You may be asking yourself what this HTML5 is all about and why you were unaware that there was even a HTML 1-4. Or you may not even know what HTML or CSS is, and this is already too confusing. Considering all possibilities, I’ll start with the basics.
HTML is the underlying structure of all websites. It is the code that your browser (Internet Explorer, Firefox, Chrome, Safari, etc) must interpret and decide how to show you a web page.
CSS aka Cascading Style Sheets is the set of “rules” applied to HTML code. So when you see some text on a page that is red or a box of text with a background or border, this is most likely some rules applied to the code telling the browser how to style those various elements on a page. Easy, no?
So why is HTML5 so important?
Well, for starters, there has been a huge backing behind HTML5 from major companies such as Apple, Google, and even Microsoft has jumped on board with IE9. Pushing towards a single standard means big things in the web-world, especially when HTML hasn’t seen much modification since 1997. This is a huge leap from a technology standpoint.
Among the new additions are a few that grab most developer’s attention. Better mobile compatibility, embedding media without a plugin, and new coding elements just to name a few.
Similarly, CSS3 is being used side-by-side with HTML5. CSS3 includes new rules which can be applied to elements such as rounded corners and drop shadows, all without having to use graphics. CSS3 can also apply a different set of rules depending on what size screen is viewing a page using newfangled things called media queries. Do you need to display 3 columns of content on a desktop HD screen, but want to stack those columns vertically on a mobile phone? Not a problem, CSS3 can handle it.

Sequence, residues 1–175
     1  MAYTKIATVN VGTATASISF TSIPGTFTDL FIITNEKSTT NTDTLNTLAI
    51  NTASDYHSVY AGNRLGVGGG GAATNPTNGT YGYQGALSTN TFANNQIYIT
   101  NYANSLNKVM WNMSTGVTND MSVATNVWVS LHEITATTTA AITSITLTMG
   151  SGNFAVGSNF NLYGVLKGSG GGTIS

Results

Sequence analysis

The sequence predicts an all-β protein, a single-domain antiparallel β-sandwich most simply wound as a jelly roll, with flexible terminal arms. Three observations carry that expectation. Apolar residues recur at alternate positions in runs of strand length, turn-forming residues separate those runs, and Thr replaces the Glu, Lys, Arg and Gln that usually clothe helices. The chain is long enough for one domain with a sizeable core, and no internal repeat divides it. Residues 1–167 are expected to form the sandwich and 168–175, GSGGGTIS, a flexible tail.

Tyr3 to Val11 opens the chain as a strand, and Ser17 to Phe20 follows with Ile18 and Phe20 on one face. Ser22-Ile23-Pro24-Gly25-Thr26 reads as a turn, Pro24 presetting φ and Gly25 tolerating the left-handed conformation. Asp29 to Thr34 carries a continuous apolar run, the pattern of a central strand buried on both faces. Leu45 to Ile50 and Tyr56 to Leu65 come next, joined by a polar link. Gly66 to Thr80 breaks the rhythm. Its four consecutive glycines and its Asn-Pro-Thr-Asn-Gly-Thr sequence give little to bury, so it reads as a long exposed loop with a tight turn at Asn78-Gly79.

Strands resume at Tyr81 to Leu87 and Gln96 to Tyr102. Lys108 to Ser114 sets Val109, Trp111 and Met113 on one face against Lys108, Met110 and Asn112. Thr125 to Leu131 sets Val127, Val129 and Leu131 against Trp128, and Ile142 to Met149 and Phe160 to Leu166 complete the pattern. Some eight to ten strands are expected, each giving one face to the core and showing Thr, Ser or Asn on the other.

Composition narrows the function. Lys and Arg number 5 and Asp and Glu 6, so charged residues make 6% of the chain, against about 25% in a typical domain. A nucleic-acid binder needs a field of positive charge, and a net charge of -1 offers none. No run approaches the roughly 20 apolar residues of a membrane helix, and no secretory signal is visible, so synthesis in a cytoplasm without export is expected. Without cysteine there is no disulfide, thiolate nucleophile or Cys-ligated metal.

What does this mean for me?
If you aren’t concerned about what goes on behind the scenes and just want your browser to show you websites, you’re in luck. With most modern, up-to-date browsers supporting HTML5 and CSS3, you will be greeted with a much more standard and streamlined experience. Whether you are browsing on your desktop, laptop, tablet, or phone, HTML5 will cause much fewer headaches caused by installing plugins, non-standard content and incompatible websites.
Have a blog or a website with updates or news? Updating your HTML code to support new code elements such as <section> <article> and <header> you will largely improve your SEO when search engines like Google and Bing can understand your site’s structure that much more.
Are you in charge of a website for a business? Making sure you or your programmers/designers take advantage of the new features in HTML5 and CSS3 will further ensure your website is ahead of the pack when it comes to compatibility with various devices, increase your visibility to search engines with SEO improvements, and will make certain your customers can access your content anytime, anywhere without any hassles.
So that’s all, huh?
I know it’s a lot to take in, but in the long-run just knowing that new things are on the horizon is a step in the right direction. Designing for the web isn’t easy, but HTML5 and CSS3 are making things much easier, and in the end all of us will benefit from it.
If you want to know more about HTML5 and CSS3 and see what they can really do, check out some of the links below.